Rajaratnam JK, Marcus JR, Flaxman AD, Wang H, Levin-Rector A, Dwyer L, et al. Neonatal, postneonatal, childhood, and under-5 mortality for 187 countries, 1970–2010: a systematic analysis of progress towards millennium development goal 4. Lancet. 2010; 375 (9730): 1988–2008.
Black RE, Morris SS, Bryce J. Where and why are 10 million children dying each year? The Lancet. 2003; 361: 2226-2234.
Park K. Indicators of health. In: Park K, ed. Park’s Textbook of Preventive and Social Medicine. 17th ed. Jabalpur, India: M/S Banarsidas Bhanot Publishers. 2002; p21-24.
Organization WH. World health statistics 2010: World Health Organization; 2010.
Black RE, Cousens S, Johnson HL, et al. Global, regional, and national causes of child mortality in 2008: a systematic analysis. Lancet 2010; 375: 1969–87
Duke T, Yano E, Hutchinson A, Hwaihwanje I, Aipit J, Tovilu M, et al. Large-scale data reporting of paediatric morbidity and mortality in developing countries : it can be done. 2015; 1–6.
George IO, Tabansi PN. An audit of cases in the children emergency ward in a Nigerian Tertiary Tospital. Pak J Med Sci 2010; 26: 740-3.
Abhulimhen-Iyoha BI, Okolo AA. Morbidity and mortality of childhood illnesses at the emergency paediatric unit of the University of Benin Teaching Hospital, Benin city. Niger J Paediatr 2012; 39: 1-74.
So O, Ao F, Oa O, Oa O. Pattern of childhood morbidities and outcome of childhood admissions in a Nigerian public secondary healthcare facility. 2018; 4 (2): 162–73.
Toma BO, Gyang M, Abdu H, Shwe D, Ekere IA, Ihekaike M. Paediatric Morbidity and Mortality in a Suburban Hospital in Jos, North -Central Nigeria. 2015; 5 (2): 156–64.
Anyanwu OU, Ezeanosike OB, Ezeonu CT. Pattern and outcome of admissions at the children emergency room at the Federal Teaching Hospital Abakaliki. 2014; 13 (1): 6–10.
Bryce J, Boschi-Pinto C, Shibuya K, Black RE. WHO estimates of the causes of death in children. Lancet. 2005; 365: 1147-1152.
Fajolu I, Egri-Okwaji M. Childhood mortality in children emergency Centre of the Lagos University teaching hospital. Nigerian Journal of Paediatrics. 2011; 38 (3): 131–5.
Molyneux E, Ahmad S, Robertson A. Improved triage and emergency care for children reduces inpatient mortality in a resource-constrained setting. Bull World Health Organ. 2006; 84: 314–9.
Abebe T, Girmay M. The epidemiological profile of pediatric patients admitted to the general intensive care unit in an ethiopian university hospital. International Journal of General medicine. 2015; 8: 63.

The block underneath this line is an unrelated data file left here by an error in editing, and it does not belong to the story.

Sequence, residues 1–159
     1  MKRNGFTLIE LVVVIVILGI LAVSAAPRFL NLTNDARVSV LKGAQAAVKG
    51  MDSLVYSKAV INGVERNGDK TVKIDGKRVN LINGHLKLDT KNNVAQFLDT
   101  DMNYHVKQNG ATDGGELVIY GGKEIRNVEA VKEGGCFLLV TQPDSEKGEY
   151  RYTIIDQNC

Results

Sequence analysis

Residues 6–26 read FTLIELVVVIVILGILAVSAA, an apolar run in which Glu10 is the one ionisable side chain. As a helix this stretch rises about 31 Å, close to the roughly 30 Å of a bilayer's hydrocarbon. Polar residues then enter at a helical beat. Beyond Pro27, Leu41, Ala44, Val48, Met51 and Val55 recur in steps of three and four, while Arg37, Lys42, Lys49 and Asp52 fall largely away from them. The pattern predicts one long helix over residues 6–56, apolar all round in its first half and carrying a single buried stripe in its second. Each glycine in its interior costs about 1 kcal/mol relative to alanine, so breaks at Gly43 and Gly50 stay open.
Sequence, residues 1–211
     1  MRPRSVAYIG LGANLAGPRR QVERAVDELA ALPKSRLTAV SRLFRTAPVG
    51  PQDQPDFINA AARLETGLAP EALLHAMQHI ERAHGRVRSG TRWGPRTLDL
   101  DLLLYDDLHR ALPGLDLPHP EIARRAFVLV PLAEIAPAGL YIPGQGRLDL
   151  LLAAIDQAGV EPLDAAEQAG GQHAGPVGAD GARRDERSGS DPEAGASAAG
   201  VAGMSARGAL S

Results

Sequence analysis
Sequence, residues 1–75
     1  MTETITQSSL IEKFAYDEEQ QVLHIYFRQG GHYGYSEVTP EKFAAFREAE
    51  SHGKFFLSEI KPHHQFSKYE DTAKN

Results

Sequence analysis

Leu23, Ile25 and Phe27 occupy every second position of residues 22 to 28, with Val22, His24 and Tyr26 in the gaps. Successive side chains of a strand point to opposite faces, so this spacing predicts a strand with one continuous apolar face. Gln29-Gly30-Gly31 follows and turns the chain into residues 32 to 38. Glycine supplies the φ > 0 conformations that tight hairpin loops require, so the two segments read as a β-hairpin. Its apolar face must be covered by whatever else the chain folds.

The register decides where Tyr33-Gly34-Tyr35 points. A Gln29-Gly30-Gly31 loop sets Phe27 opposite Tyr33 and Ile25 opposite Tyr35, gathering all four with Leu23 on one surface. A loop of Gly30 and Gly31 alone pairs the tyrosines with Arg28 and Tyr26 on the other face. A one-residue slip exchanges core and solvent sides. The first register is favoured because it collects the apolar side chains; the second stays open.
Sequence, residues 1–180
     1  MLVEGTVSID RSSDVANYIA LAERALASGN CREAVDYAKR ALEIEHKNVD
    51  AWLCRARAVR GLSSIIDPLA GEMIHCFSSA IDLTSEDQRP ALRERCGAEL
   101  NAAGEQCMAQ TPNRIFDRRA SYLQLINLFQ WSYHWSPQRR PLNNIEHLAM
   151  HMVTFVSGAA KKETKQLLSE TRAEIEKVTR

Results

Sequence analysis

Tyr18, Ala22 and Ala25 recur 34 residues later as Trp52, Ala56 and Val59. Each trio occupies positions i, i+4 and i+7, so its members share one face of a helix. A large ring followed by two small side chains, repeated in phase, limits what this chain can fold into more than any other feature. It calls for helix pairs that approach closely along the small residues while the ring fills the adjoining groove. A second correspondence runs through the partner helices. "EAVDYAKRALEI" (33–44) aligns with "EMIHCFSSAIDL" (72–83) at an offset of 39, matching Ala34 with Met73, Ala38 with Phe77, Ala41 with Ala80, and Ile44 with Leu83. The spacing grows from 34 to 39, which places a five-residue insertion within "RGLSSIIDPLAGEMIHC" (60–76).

Okechukwu A, Nwalozie C. Morbidity and mortality pattern of admissions into the emergency Paediatric unit of University of Abuja Teaching Hospital, Gwagwalada. Nigerian Journal of Medicine: Journal of the National Association of Resident Doctors of Nigeria. 2011; 20: 109–13.
Ikefuna AN, Emodi IJ. Some characteristics of Paediatric admission at the University of Nigeria Teaching Hospital Enugu Nigeria. Niger J Clin Pract 2007; 10: 216-9.
George IO. Mortality Pattern in Children : A Hospital Based Study in Nigeria. 2009; 5 (4): 369–72.
Bilkisu GI, Aminu MS, Sunday OO, Bassey E, Smart A, Muyideen AB. Original Article Pattern of medical childhood morbidity and mortality in a new specialist hospital in Gusau, Nigeria. 2014; 8 (1): 15–9.
Adhikari J, Belbase M, Bahl L. Demographic Profile and Childhood Morbidity Pattern in Western Nepal. 2014; 12 (2): 20–3.
Gordon DM, Frenning S, Draper HR, Kokeb M. Prevalence and Burden of Diseases Presenting to a General Pediatrics Ward in Gondar, Ethiopia. 2013; 59 (5).
Chukwu BF, Chinawa JM, Ikefuna AN, Emodi IJ. Pattern and outcome of paediatric medical admissions at the University of Nigeria Teaching Hospital (UNTH), Ituku-Ozalla, Enugu: A five year retrospective review (2007 – 2011). Niger J Paed. 2013; 40: 354–359.
Mouneke UV, Ibekwe RC, Eke CB, Ibekwe MU, Chinawa JM. Mortality among paediatric inpatients in Mile 4 Mission hospital Abakaliki, south-eastern Nigeria: A Hospital retrospective study. Niger J Paed. 2013; 40: 259–263.
Fetuga B, Ogunlesi T, Adekanmbi F, Olarewaju D, Olowu A. Comparative analyses of childhood deaths in Sagamu, Nigeria: implications for the fourth MDG. SAJCH. 2007; 1: 106–111.
Nigeria Centre for disease control-Viral Haemorrhagic Fevers. [cited 2019 29th April]; Available from:
Duru C, Peterside O, Akinbami F. Pattern and outcome of admissions as seen in the paediatric emergency ward of the Niger Delta University Teaching Hospital Bayelsa State, Nigeria. Niger J Paed. 2013; 40: 232-237.
Science Publishing Group
1 Rockefeller Plaza,
10th and 11th Floors,
New York, NY 10020
Tel: (001)347-983-5186